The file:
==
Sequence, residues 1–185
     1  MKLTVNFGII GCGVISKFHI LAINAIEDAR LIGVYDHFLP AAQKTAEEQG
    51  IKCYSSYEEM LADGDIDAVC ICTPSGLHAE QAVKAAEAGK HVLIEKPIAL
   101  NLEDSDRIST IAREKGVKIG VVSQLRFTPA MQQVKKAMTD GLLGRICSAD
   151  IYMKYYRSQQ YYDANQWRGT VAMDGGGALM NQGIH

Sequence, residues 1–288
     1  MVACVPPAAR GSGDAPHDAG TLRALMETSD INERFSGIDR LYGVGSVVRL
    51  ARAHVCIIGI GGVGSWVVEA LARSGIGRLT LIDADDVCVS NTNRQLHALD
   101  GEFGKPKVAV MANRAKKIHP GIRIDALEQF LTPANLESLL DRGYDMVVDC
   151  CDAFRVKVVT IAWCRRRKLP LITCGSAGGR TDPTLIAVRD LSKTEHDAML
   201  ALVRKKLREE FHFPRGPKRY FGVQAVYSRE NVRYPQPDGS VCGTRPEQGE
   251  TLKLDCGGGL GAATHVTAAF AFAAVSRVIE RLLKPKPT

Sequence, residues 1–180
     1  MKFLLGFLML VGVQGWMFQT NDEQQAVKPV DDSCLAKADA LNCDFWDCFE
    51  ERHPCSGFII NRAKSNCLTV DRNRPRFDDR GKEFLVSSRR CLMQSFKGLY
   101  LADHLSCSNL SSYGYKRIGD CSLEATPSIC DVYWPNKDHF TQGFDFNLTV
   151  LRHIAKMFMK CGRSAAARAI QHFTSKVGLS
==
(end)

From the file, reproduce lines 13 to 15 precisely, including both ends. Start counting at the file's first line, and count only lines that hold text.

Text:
Sequence, residues 1–180
     1  MKFLLGFLML VGVQGWMFQT NDEQQAVKPV DDSCLAKADA LNCDFWDCFE
    51  ERHPCSGFII NRAKSNCLTV DRNRPRFDDR GKEFLVSSRR CLMQSFKGLY